According to results of secondary analyses of 2 randomized controlled trials (RCTs), omega-3 (Ω3) supplementation in children with depression and bipolar disorder is associated with decreased impairment in executive functioning (EF).
The secondary analyses aimed to determine the effect of Ω3 alone as well as in combination with psychoeducational psychotherapy (PEP) on EF. During the 12-week RCTs, 95 children aged 7 to 14 years with mood disorders were randomized to receive either 2 capsules of Ω3 or placebo twice daily. PEP consisted of twice-weekly 50-minute sessions.
The study authors explained, “Analyses assess impact of interventions on the Behavior Rating Inventory of Executive Functioning (BRIEF) parent-report Global Executive Composite (GEC) and two subscales, Behavior Regulation (BRI) and Metacognition (MI) Indices.”
Analysis of aggregated data (combined and monotherapy) showed that patients receiving Ω3 not only significantly improved on GEC (P=0.001; D=0.70), but on BRI (P=0.004; D=0.49) and MI (P=0.04; D=0.41) as well compared to patients receiving placebo. Additionally, it was also found that patients who received Ω3 alone and patients who received Ω3 plus PEP showed significant improvements on GEC (D=0.49 and D=0.67, respectively). No effects were observed in patients who received PEP monotherapy.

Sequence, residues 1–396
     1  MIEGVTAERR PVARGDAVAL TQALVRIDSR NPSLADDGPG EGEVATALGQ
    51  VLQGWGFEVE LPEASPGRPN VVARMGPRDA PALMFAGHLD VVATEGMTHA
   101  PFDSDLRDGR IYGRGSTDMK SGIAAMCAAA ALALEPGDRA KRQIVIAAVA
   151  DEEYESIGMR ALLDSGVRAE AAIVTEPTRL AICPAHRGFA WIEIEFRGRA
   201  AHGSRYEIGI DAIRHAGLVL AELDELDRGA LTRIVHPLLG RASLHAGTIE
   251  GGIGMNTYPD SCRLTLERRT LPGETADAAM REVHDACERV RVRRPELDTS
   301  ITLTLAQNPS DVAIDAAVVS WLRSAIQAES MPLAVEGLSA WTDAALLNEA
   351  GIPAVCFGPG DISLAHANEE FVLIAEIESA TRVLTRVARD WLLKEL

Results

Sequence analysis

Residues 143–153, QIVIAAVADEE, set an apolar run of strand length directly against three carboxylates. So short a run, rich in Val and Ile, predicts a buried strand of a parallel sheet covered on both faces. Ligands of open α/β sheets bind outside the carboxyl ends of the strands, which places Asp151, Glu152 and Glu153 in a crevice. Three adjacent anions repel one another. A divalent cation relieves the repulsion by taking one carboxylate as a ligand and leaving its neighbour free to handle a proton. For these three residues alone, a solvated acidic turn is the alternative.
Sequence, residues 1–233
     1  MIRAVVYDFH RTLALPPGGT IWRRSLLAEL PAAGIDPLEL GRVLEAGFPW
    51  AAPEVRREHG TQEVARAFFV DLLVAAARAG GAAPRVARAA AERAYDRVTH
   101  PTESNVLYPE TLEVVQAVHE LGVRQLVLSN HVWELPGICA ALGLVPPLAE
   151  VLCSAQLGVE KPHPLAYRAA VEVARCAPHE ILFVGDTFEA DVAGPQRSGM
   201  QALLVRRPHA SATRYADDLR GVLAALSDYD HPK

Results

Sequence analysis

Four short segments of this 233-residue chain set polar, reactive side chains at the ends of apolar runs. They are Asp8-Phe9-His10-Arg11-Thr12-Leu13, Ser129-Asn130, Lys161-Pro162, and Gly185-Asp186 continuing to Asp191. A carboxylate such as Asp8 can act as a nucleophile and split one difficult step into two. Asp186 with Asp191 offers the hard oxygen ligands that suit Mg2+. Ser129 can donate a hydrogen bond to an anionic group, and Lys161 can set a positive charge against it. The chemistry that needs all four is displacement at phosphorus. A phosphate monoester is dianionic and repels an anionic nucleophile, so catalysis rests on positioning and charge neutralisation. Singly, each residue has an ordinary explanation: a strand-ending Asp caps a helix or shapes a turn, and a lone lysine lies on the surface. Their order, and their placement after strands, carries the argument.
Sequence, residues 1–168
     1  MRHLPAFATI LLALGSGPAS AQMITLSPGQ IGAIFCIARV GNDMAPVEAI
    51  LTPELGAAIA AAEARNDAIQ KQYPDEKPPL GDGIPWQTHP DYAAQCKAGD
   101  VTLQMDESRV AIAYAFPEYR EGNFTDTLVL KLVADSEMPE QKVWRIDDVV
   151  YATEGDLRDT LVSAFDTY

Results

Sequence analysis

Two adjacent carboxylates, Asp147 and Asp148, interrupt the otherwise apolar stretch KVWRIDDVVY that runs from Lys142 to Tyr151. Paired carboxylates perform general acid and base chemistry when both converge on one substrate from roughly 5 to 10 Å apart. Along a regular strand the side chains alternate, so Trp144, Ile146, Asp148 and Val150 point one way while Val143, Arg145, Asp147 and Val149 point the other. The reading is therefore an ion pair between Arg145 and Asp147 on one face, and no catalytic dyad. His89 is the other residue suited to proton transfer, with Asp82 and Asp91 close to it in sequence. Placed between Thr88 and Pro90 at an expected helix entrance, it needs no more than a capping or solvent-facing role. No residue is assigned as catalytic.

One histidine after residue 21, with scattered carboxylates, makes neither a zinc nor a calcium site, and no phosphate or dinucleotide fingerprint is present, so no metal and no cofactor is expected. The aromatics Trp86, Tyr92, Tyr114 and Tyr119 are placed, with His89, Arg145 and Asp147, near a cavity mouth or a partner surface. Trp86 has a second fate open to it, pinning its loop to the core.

The study authors noted, “Moderation by attention-deficit/hyperactivity disorder (ADHD) comorbidity was nonsignificant although those with ADHD showed nominally greater gains.”
In children with mood disorders, Ω3 supplementation was found to decrease impairment in EF. The study authors added, “Research examining casual associations of Ω3, EF, and mood symptoms is warranted.”
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